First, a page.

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An afternoon of ice skating is one way to have fun

December 30, 2005|by Lisa Tedrick Prejean

It was with some trepidation that I slipped my feet into a pair of rented ice skates on a recent afternoon.

Hoping that was the only "slipping" my feet would do that day, I headed toward the ice with my 6-year-old daughter and 10-year-old son.

They could barely contain their excitement. School was out for the holidays, my daughter's friend had invited her to the Hagerstown Ice & Sports Complex and they were eager to hit the ice.

And hit the ice they did.

They kept track of how many times they fell. His final count? Seven. Hers? Five. Mine? Zero.

I have to admit it. I wasn't as adventurous as they were. There's something about reaching the age of 40 that makes a person cautious. That's my excuse anyway.

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On my first trip around the ice, a nagging question seemed to slow me down. (Did you really drink enough milk in your younger days? Just how strong are your bones? I certainly didn't want to find out the hard way.)

It's funny how people say you become more like your parents as you age, and that was so true on the ice. I not only felt like my mom, being extra cautious on the ice. I started to sound like my dad, encouraging the kids to experiment a bit.

The contrast of the two made me smile. Here I was telling them to try what I wasn't about to try because I'm the mom and I'm 40 and I have to be responsible, blah, blah, blah.

But the words coming out of my mouth didn't quite match my actions: "You'll never learn to skate if you don't let go of the rail. Don't pick up your feet as if you are walking, allow them to glide across the ice with a stroking motion."

I remembered my dad saying similar things to me when I was a child. The difference was that he could show me basic techniques and neat tricks. It had been so long since I was on skates that I barely was away from the rail myself when I told my daughter to loosen her hold of it.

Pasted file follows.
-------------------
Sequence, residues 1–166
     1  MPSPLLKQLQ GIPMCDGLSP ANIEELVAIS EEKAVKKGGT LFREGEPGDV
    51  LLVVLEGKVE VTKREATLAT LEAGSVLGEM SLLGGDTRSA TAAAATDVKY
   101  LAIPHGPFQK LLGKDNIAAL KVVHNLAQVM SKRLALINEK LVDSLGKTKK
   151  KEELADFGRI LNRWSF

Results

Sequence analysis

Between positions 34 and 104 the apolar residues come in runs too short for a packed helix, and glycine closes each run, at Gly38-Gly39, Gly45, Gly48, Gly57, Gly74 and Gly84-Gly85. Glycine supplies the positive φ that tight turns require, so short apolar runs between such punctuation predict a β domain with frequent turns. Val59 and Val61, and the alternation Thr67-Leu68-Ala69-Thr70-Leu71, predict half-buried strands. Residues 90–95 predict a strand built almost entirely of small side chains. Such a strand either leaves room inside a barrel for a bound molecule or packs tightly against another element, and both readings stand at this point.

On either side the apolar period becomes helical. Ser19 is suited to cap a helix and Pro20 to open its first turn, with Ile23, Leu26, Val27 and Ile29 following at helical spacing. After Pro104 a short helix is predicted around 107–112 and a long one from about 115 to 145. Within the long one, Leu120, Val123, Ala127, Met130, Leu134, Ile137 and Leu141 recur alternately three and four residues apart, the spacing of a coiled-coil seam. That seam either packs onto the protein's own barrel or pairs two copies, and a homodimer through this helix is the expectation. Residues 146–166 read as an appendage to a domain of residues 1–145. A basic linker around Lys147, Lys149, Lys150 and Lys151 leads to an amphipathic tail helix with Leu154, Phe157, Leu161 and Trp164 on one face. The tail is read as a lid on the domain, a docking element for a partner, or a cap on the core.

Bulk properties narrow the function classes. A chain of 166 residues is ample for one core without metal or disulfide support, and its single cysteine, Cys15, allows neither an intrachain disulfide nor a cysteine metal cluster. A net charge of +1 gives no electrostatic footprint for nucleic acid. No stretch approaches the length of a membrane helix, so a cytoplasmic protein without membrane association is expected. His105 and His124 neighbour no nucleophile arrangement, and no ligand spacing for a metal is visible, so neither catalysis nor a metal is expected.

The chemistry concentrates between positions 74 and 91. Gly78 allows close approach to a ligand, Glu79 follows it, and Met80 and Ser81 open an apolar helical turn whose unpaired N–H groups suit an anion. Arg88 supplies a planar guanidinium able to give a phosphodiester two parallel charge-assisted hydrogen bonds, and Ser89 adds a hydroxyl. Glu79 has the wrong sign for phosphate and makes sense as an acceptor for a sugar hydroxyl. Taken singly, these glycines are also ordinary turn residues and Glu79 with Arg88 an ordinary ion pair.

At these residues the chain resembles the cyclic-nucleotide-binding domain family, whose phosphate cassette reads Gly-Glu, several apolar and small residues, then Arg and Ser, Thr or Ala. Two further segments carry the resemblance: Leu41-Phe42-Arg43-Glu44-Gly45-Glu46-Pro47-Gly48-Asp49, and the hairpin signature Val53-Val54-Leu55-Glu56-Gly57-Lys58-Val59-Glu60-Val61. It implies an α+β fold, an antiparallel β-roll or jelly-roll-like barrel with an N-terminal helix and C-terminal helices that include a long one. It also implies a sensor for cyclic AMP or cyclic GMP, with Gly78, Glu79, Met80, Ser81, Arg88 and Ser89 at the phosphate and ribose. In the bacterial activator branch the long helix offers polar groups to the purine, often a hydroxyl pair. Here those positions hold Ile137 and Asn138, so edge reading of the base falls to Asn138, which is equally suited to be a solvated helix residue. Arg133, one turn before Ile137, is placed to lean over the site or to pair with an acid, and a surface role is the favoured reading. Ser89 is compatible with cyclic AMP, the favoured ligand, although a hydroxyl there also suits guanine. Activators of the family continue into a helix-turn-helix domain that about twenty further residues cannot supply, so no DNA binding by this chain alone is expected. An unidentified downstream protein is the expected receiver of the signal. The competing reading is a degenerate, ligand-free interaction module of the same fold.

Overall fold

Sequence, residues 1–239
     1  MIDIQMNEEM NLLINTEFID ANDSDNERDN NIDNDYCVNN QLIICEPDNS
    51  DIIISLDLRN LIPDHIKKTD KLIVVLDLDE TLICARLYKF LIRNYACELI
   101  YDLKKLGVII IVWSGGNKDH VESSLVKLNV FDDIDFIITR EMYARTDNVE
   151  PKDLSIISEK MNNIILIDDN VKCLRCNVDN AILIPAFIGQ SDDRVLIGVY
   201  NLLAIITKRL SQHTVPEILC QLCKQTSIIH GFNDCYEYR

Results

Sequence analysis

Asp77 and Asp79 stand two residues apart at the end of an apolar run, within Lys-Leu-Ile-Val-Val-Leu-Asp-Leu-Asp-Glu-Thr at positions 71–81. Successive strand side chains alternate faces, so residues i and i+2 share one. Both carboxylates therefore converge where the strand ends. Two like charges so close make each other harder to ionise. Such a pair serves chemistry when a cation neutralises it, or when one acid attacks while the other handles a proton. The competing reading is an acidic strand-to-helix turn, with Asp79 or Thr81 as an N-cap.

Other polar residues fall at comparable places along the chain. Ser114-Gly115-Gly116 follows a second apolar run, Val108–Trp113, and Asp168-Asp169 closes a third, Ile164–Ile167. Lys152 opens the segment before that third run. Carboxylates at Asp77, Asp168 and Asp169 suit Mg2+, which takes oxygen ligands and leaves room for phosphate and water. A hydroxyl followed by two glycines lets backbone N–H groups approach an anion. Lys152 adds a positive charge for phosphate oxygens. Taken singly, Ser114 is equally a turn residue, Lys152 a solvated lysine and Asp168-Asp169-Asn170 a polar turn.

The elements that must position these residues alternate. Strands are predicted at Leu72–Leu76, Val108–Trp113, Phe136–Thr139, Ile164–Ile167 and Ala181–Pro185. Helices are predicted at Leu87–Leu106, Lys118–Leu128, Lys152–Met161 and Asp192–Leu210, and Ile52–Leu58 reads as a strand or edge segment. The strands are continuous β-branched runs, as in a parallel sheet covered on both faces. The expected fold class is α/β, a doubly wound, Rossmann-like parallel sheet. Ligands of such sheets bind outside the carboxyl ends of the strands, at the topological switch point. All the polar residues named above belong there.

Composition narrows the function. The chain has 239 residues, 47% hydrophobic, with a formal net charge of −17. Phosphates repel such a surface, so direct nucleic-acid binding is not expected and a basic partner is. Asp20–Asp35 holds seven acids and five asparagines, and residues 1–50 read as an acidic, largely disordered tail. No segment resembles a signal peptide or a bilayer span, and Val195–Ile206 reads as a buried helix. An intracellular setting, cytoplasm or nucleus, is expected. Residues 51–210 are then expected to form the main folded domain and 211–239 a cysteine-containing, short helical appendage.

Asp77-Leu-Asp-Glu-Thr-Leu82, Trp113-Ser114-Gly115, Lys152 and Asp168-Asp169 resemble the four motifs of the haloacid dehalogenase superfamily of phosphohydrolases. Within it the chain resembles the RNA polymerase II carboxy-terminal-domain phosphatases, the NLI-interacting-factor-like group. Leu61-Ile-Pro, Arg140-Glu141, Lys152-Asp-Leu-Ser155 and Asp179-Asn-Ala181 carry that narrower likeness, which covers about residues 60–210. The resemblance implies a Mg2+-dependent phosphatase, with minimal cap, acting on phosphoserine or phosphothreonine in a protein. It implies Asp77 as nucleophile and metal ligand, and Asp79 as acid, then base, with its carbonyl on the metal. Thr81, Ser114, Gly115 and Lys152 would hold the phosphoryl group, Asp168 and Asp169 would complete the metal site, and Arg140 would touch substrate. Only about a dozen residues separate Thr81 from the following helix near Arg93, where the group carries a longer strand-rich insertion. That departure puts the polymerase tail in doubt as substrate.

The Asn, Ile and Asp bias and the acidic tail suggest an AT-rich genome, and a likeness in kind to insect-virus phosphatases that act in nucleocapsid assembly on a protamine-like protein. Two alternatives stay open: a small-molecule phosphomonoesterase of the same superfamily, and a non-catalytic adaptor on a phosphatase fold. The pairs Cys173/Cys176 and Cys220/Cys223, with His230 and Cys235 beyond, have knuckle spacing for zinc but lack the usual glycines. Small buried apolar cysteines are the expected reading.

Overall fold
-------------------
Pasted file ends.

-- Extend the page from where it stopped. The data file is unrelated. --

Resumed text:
Perhaps I should have listened to her complaint about the fit of her skates. They were too tight on her toes, she said. I told her they should fit snugly.

After our skating trip, I did some reading about skate sizes. If toes feel cramped, a larger size skate should be worn, according to the Montgomery County Park and Planning Web site, www.mc-mncppc.org/parks/enterprise/ice/wheaton/index.shtm.

The site also suggests that skates be one-half to one size smaller than the skater's shoe size. Skates should be unlaced before being put on, and then tightly relaced. Only one pair of thin socks or tights should be worn. If a skater's heel lifts up and down or there is inadequate ankle support, smaller skates should be worn.

Skaters should dress in layers that allow for movement. That's a suggestion from the Hagerstown Ice & Sports Complex Web site, www.hagerstownice.org/home.php.

The site also reminds skaters to wear gloves. Students younger than 6 years old should wear a bike or hockey helmet. Figure skates are suggested for first-time skaters since the blades are longer and provide more stability. Switch to hockey skates after you've had several successful lessons in figure skates and have learned balance and control, the site recommends.

While at the rink, I learned not to walk on concrete in ice skates. Concrete can damage the blades.

It was such a relaxing afternoon, gliding around the ice with my children. I'm glad we took the time to go. Sometimes we get so caught up in work and other responsibilities that we forget to have fun with those we love.

We might even head back to the rink this winter. Hope to see you there!




Lisa Tedrick Prejean writes a weekly column for The Herald-Mail's Family page. Send e-mail to her at lisap@herald-mail.com.

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